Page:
Glenda Jackson in ‘King Lear.’ (Photo: Brigitte Lacombe)
Family. You can’t live with ‘em. You can’t live without ‘em. Especially if your name is Lear.
William Shakespeare’s patriarchal power play gets a Broadway reboot, thanks to Glenda Jackson’s star turn in the title role. But if you’re expecting a literal gender-bending commentary as Jackson steps into what has historically been a role played by a man, Sam Gold’s slick and somewhat stoic production might leave you with more questions than answers.
One of Shakespeare’s more cerebral tragedies, King Lear follows the demise of an aging king as his next of kin usurp his power. After banishing his youngest daughter Cordelia (Ruth Wilson) for lack of familial enthusiasm, her sisters Goneril (Elizabeth Marvel) and Regan (Aisling O’Sullivan) jockey for their positions, husbands in tow. A subplot with the Duke of Gloucester (Jayne Houdyshell), his son Edgar (Sean Carvajal), and illegitimate son Edmund (Pedro Pascal) echoes Lear’s demise as generations clash.
Jackson, whose slight frame appears swallowed by costume designer Ann Roth’s androgynous suits, masters Lear’s stubbornness and eventual regret. She finds ample onstage sparring partners with a first-rate and culturally diverse ensemble, but the mash-up of styles, (O’Sullivan’s Irish lilt; Sean Carvajal’s Spanish-tinged accent) require a suspension of disbelief to transport audiences into the world of the play. One fantastic addition is deaf actor Russell Harvard as Regan’s husband, the Duke of Cornwall. Working alongside Michael Arden as his aide, the pair’s use of American Sign Language lends an electrifying physicality to otherwise calculated staging.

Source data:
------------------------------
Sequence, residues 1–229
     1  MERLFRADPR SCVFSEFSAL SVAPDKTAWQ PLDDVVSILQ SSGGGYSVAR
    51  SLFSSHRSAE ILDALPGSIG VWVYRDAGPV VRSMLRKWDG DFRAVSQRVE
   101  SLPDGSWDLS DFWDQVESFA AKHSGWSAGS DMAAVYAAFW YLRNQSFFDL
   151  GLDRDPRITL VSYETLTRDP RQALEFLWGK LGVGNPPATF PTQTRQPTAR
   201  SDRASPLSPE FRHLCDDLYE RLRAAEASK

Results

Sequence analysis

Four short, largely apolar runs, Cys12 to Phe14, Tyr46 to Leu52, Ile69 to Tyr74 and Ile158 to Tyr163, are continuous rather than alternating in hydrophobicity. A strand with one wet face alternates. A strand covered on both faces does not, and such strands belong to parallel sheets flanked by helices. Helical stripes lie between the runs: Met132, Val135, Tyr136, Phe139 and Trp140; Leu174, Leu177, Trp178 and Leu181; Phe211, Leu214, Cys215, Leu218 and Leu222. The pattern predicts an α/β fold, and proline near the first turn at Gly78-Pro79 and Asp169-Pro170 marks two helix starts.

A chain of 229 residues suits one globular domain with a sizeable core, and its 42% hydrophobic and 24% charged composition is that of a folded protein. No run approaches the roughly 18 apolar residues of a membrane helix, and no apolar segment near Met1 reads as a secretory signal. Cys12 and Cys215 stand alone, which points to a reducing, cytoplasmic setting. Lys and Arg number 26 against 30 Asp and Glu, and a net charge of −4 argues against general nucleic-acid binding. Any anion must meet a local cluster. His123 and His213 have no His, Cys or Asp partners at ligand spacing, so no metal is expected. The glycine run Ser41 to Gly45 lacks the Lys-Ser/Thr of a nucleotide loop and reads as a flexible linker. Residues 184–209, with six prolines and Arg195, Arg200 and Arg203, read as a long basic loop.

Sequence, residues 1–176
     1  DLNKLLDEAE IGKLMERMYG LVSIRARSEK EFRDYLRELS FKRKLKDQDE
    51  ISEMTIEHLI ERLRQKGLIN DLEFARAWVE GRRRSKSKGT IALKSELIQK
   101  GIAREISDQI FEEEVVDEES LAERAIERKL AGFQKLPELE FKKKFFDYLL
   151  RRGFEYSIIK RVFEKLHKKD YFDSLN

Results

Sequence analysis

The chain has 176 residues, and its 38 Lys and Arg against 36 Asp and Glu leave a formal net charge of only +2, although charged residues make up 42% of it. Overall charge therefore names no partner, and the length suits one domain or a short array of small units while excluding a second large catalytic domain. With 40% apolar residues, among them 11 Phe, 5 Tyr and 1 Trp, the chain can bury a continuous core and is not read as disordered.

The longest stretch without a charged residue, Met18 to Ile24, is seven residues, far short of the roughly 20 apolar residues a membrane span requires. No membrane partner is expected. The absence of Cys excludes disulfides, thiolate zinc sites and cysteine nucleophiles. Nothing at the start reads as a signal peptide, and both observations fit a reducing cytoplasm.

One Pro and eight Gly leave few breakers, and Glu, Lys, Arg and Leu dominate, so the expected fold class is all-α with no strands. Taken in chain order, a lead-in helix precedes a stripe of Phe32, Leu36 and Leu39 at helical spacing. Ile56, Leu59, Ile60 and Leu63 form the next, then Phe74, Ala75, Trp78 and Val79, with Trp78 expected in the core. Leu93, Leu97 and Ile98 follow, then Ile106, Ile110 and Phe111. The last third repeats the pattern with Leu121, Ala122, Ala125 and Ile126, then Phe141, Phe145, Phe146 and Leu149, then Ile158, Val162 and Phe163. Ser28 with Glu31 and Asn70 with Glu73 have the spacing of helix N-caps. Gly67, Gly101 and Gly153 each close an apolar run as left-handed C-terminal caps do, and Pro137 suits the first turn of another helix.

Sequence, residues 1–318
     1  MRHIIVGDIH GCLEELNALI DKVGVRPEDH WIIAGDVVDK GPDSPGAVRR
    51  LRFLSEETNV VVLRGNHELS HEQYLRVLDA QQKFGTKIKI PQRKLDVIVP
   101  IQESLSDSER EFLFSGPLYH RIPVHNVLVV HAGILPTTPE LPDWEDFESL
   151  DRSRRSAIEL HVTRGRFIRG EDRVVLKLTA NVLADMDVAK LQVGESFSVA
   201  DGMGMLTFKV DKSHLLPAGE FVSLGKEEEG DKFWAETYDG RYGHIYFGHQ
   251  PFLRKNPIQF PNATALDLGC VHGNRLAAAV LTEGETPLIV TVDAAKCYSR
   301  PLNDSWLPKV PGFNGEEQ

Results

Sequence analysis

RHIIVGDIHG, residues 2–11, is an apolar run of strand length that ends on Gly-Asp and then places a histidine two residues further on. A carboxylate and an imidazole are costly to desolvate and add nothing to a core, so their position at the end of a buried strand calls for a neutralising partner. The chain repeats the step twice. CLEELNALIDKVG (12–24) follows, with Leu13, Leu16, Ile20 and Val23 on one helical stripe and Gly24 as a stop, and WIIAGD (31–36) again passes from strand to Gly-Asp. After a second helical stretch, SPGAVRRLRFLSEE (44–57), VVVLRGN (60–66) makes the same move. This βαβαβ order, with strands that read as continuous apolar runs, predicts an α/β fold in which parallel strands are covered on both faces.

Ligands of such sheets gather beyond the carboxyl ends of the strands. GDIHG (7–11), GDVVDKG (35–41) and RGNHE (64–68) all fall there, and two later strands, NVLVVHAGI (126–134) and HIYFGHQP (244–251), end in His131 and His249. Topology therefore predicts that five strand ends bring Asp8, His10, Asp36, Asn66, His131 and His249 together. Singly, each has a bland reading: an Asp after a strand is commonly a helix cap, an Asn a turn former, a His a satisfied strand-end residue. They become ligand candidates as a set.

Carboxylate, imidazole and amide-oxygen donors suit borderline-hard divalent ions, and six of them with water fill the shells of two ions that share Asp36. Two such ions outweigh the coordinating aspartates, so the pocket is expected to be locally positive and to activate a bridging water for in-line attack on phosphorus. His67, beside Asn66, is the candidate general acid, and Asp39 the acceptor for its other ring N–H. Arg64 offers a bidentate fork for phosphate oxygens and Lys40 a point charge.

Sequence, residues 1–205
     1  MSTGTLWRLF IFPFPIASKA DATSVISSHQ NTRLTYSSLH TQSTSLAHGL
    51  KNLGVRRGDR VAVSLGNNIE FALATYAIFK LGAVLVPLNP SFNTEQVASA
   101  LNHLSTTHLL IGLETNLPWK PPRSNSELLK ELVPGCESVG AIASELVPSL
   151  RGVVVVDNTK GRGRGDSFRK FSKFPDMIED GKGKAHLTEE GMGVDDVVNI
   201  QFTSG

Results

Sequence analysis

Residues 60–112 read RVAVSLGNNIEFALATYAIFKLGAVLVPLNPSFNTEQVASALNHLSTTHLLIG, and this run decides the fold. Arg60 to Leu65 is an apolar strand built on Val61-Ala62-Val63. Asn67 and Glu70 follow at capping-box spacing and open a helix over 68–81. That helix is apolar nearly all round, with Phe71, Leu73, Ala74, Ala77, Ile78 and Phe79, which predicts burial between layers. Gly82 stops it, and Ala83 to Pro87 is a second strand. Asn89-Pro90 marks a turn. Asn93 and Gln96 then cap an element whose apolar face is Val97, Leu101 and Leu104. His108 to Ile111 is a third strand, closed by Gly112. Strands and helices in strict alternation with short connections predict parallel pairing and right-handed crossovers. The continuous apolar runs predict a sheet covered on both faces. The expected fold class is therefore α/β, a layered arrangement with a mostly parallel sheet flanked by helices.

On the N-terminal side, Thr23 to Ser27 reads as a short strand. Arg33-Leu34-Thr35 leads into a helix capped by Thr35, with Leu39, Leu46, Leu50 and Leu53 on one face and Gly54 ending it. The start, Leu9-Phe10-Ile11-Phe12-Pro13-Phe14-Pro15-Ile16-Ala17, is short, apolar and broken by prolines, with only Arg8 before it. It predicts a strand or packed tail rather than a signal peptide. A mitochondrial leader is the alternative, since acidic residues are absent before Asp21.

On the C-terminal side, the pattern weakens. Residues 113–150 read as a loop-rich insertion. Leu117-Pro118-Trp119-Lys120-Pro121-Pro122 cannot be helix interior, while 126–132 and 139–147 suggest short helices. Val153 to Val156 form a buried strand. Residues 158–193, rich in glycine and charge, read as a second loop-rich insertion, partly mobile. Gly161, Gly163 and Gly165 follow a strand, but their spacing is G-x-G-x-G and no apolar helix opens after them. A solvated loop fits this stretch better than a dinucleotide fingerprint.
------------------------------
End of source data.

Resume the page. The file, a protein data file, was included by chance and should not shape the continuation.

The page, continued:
Miriam Buether’s gorgeously textured singular set, shimmering in gold and reflecting Jane Cox’s lush lighting design, exudes an air of ostentatious prosperity — like a midcentury modern version of Mar-a-Lago. The comparisons to today’s polarized politics are easily plucked from the text as well, such as when Gloucester says, “‘Tis the times’ plague when madmen lead the blind.”
“Whoever you may be, you can be loved and loving and still demand more,” wrote Shakespeare historian Harold Bloom in Shakespeare: The Invention of the Human. “If you are King Lear, and have ever but slenderly known yourself, then you are almost apocalyptically needy in your demand for love.”
Jackson embodies Bloom’s assessment. At once rigid and fractured in her vulnerability, it’s hard not to root for the King who casts aside the only daughter that truly loved him. But somewhere amid Sam Gold’s efficient direction, underscored by a live string quartet playing original music by Philip Glass, this King Lear is a polished crown that could use a few more thorns.
138 West 48th Street, NYC
Through July 7
Matthew Wexler is The Broadway Blog’s editor and chief critic. Read more of his work at wexlerwrites.com.